Young's red herrings dot path to truth

December 04, 1997|By MICHAEL OLESKER

STATE Sen. Larry Young is faced with an awkward thing, which is called the truth, and yesterday he faced up to some of it, and danced around some of it, and some of it, he tried to block at the front door.

In this newspaper yesterday, the news about Young was all bad, and it was spread prominently across several pages. It involved large amounts of money taken by the influential West Baltimore legislator and his private business, the LY Group, and it involved what looks like clear and remarkable conflicts of interest.

Young's response was to call a news conference, ostensibly to clear the air. But the air was sometimes filled with nonanswers, and sometimes with Young's own accusations, neither of which got anyone closer to some essential truths about the line separating public service from private profit.

"It is no accident," Young opened his remarks, "that this story comes on the heels of a very successful effort, my Revival Crusade, where we brought 50,000 folks here over a two-day period."

Huh?

Young then veered away from this but a moment later talked about a colleague who was smeared -- "no accident," he said, "that he is African-American" -- and went from this to the Chamber of Commerce's failure to hire black staff members.

Huh?

These are known as red herrings. Maybe Young is right, and maybe he's wrong, but the news yesterday was about something else: about Young and his corporations generating at least $165,000 in various fees from public institutions and health care companies that are hungry to reap millions of dollars in state business.

To this, Young prepared his own printed list of questions and answers. This beat the alternative, which was answering questions from the two Sun reporters, Walter F. Roche Jr. and Scott Higham, who spent the past two months investigating Young's finances. Young refused to answer their questions before their article appeared, and yesterday, they were barred from Young's news conference.

"It's my press conference," Young said, later adding, "I just decided I didn't want to be around those two guys."

Of course not. They've thrown a glaring light on the kind of money trails that no politician wishes to have examined. And it's not the way Larry Young wishes to be seen.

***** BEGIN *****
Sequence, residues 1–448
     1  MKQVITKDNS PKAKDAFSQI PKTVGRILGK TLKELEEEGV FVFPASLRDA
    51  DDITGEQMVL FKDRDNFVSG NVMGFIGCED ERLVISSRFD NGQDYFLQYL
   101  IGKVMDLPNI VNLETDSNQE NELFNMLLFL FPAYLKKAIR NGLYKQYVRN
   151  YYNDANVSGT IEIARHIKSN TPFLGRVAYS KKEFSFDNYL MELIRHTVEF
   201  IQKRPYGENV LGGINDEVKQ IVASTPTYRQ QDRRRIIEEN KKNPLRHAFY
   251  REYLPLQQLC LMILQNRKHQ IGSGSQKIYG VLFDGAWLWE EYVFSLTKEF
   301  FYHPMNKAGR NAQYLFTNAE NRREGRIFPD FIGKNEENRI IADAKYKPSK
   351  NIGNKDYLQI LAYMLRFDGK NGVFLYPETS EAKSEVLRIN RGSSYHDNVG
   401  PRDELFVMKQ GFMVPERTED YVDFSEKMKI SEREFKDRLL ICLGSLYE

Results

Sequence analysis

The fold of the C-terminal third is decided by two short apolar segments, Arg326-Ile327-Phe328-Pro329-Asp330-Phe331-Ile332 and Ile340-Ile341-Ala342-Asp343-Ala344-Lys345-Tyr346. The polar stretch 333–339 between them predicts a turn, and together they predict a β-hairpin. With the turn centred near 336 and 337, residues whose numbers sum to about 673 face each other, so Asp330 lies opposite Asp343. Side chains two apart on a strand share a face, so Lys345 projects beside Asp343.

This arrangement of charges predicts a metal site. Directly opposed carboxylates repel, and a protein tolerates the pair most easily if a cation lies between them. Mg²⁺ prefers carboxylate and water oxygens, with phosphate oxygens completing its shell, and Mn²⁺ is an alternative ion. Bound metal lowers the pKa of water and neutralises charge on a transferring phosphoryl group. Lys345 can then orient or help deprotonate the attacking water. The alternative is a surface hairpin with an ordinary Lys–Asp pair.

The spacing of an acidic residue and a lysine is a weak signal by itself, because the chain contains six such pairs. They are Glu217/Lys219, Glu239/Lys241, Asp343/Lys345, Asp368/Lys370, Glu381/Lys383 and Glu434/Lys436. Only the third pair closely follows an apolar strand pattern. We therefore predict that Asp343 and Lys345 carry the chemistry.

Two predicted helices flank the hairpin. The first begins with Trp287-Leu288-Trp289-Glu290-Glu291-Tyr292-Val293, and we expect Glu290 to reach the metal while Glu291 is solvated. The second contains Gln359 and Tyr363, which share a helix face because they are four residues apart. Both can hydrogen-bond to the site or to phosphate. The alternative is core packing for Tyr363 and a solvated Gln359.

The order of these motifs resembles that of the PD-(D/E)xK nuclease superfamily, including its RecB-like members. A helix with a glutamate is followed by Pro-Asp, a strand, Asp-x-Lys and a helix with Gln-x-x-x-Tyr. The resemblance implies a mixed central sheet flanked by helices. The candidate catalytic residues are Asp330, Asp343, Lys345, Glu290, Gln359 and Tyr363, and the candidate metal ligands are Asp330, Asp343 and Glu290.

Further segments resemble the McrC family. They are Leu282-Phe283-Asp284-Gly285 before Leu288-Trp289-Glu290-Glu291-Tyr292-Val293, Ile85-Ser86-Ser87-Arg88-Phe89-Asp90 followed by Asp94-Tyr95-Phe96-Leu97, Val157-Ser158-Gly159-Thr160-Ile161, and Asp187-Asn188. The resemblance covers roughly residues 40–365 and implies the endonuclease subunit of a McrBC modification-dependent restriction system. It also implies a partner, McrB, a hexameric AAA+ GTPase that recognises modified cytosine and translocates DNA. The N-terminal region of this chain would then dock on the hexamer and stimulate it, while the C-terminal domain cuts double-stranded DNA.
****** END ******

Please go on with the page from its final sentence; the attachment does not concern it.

He is one of the brightest, and one of the hardest-working, legislators in the state of Maryland. Also, he has a genuine feel for his constituents, among whom are some of the neediest citizens in the state. He's their champion, in ways that other politicians only pretend to understand.

But he's also led a life of close calls and sometimes breathtaking untidiness, including a terrible unsolved murder case in which homicide police called Young a "key figure" in their investigation, plus a history of various fund-raising problems and ethical conflicts.

Take this latest business. In Young's own list of printed "allegations and truths," he answers the charge of taking thousands of dollars from Merit Behavioral Care Corp. and billing Merit $5,000 per hour. He answers the charges by declaring that the money went to "LY Group, Inc. not me."

But the LY Group is Larry Young, and Young is the LY Group, right down to their common initials. Was he now attempting to separate himself from his own company and its profits?

"I am separating the two," Young said, sidestepping some of his own written correspondence, which proudly boasts of Young's "23 years in politics" as a selling point to prospective LY Group clients.

This Merit company is worth remembering, too. It's in New York. It's the one that flew Gov. Parris Glendening up there and held a fund-raiser for him. Glendening said he didn't know the company was bidding on a state contract.

Also attending the party: Larry Young, whose professional business is knowing precisely which health companies want to do business with this state, because he chairs the Senate Finance Health Subcommittee. After yesterday's news conference, Young said it was "coincidence" that he attended the New York affair, that he had a friend who invited him to the party.

If the Merit relationship sounds shaky, try this: Young draws consulting fees from Coppin State College. In the past two years, he's received $33,500 from the college. But the General Assembly OKs the state's $13.8 million share of Coppin's annual budget.

Isn't there a conflict, Young was asked. Suppose Coppin wants money for a new building, and Young the state senator thinks it's unaffordable but Young the private consultant doesn't want to vote against it and risk losing his private consulting fees?

"I see nothing wrong with this," Young declared.

Others may disagree, including the Senate Ethics Committee and the state prosecutor, each of which is beginning to ask its own questions.

Pub Date: 12/04/97

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